From the Taliban in Afghanistan to Buddhist extremists in Sri Lanka to ISIS throughout the region, South Asia faces one of the most diverse and dangerous landscapes of extremist ideologies and groups. On April 24, the U.S. Institute of Peace and the Center for Global Policy convened experts to discuss emerging trends in extremism across the region, how it impacts states internally and how those governments and the United States should respond.

In Afghanistan, a complex array of Islamist insurgents, including the Taliban, has prompted Russia, China, Iran and the Central Asian states to involve themselves to an unprecedented degree. Extremist groups in Pakistan and realignments in the militant landscape around Kashmir have created new challenges for India and other regional powers. ISIS has taken advantage of violent conflicts in South Asia, attracting fighters to further destabilize the region. Meanwhile, rising Hindu nationalism and Hindutva politics stand to further inflame divisiveness in India, while Buddhist and other extremist groups continue to escalate conflicts in Sri Lanka and Burma.

The panel discussed how these trends affect bilateral relations within South Asia, as well as U.S. options for re-engaging on these issues and developing new ways to counter these threats to regional peace and stability.

A recording of the event can be found on this event page.

Speakers

Farid Senzai, Introduction
Founder and President, Center for Global Policy

Ali Mohammad Ali
Senior Fellow, Center for Global Policy

Kamran Bokhari
Director for Political Affairs, Center for Global Policy

Susan Hayward
Senior Advisor, Religion & Inclusive Societies, U.S. Institute of Peace

Iman Malik
Consultant, The World Bank Group

Scott Worden, Moderator
Director, Afghanistan and Central Asia Programs, U.S. Institute of Peace

cgp logo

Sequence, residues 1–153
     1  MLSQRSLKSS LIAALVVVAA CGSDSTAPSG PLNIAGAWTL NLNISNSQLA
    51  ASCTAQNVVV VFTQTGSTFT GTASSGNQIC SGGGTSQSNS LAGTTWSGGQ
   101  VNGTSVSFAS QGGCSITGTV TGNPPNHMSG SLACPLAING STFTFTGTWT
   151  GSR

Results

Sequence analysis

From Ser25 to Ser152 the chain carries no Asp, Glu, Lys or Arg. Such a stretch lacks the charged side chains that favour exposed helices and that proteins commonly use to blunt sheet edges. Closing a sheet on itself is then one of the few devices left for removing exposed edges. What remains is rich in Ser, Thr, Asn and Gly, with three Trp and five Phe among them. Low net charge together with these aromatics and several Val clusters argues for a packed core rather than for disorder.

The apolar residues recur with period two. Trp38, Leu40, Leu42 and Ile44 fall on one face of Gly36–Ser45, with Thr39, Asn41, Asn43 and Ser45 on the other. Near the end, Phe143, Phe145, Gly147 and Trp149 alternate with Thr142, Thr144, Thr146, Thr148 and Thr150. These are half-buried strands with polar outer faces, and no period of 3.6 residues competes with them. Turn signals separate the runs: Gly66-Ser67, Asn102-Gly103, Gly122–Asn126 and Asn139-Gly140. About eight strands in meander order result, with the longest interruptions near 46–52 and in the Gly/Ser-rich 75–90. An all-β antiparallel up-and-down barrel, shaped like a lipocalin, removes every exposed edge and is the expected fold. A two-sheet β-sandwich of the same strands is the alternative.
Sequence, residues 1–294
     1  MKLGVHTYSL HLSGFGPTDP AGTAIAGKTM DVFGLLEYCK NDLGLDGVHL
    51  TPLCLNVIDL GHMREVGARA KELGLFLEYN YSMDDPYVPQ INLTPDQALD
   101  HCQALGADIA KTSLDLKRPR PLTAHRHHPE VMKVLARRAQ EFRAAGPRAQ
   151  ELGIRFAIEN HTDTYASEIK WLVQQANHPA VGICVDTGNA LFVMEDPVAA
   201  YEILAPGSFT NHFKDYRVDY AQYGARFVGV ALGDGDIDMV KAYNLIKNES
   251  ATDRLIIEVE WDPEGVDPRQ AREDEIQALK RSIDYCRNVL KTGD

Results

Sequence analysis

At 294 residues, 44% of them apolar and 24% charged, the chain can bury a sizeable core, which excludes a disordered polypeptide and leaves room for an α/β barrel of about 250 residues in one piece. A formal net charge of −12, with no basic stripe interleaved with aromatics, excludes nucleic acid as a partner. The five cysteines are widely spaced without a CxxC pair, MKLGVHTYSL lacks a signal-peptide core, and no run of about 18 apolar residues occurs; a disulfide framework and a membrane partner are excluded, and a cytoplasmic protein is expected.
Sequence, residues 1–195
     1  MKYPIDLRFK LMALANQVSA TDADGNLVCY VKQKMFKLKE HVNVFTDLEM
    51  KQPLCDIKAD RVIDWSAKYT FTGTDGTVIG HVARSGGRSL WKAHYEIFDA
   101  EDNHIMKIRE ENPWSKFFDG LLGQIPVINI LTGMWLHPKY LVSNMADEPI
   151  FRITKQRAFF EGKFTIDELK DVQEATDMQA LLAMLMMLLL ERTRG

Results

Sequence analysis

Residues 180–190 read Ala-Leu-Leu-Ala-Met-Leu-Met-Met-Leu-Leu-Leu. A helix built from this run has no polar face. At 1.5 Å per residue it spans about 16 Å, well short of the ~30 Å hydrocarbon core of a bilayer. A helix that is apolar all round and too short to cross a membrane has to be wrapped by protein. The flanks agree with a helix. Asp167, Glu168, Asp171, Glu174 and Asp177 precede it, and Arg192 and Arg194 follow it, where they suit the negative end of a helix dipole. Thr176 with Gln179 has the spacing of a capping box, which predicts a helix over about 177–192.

A man bicycles on May 7th, 2006, past Tamil-owned stores that were set ablaze by a Sinhalese mob in Trincomalee, Sri Lanka. April was the bloodiest month since the government and the separatist Liberation Tigers of Tamil Eelam signed a cease-fire in February 2002 that was supposed to end nearly two decades of killing here.
Photo Courtesy of the New York Times/Scott Eells

Related Publications

Legislature and Legislative Elections in Afghanistan: An Analysis

Legislature and Legislative Elections in Afghanistan: An Analysis

Wednesday, July 8, 2020

By: A. Farid Tookhy

Afghanistan’s newest Wolesi Jirga—the lower house of the National Assembly—boasts a younger and more educated membership than those elected in either 2005 or 2010. Its representativeness, however, is uneven and problematic. This report offers a comparative profile of the Wolesi Jirgas elected in 2005, 2010, and 2018, highlighting issues salient to the reforms Afghanistan needs to undertake if it is to hold credible national elections that yield truly representative elected institutions.

Type: Special Report

Democracy & Governance

U.S., Russian interests overlap in Afghanistan. So, why offer bounties to the Taliban?

U.S., Russian interests overlap in Afghanistan. So, why offer bounties to the Taliban?

Tuesday, July 7, 2020

By: Andrew Wilder

Recent intelligence reports indicating that Russian bounties paid to the Taliban to kill U.S. troops have bolstered American and Afghan officials long-held allegations that Moscow has been engaged in clandestine operations to undermine the U.S. mission in Afghanistan. Russia’s support for the Taliban, however, has largely been tactical in nature. Both Washington and Moscow ultimately have a converging strategic interest in a relatively stable Afghanistan without a long-term U.S. presence that will not be a haven for transnational terrorists. USIP’s Andrew Wilder looks at what this means for the decades-long Afghan conflict.

Type: Analysis and Commentary

Conflict Analysis & Prevention; Global Policy

Negotiations Are the Only Way to End Afghan Conflict, Says Abdullah

Negotiations Are the Only Way to End Afghan Conflict, Says Abdullah

Thursday, June 25, 2020

By: Adam Gallagher

The head of Afghanistan’s new peace council said yesterday that he is optimistic that intra-Afghan talks can start in the coming weeks, but increased levels of violence and details of prisoner releases may slow the start of talks. Chairman Abdullah added that the government’s negotiating team will be inclusive and represent common values in talks with the Taliban. The team “will be diverse and represent all walks of life,” Abdullah said. Afghans and analysts have expressed concern that without an inclusive negotiating team, the country’s hard-won, democratic gains could be compromised for the sake of a deal with the Taliban.

Type: Analysis and Commentary

Democracy & Governance; Peace Processes

View All Publications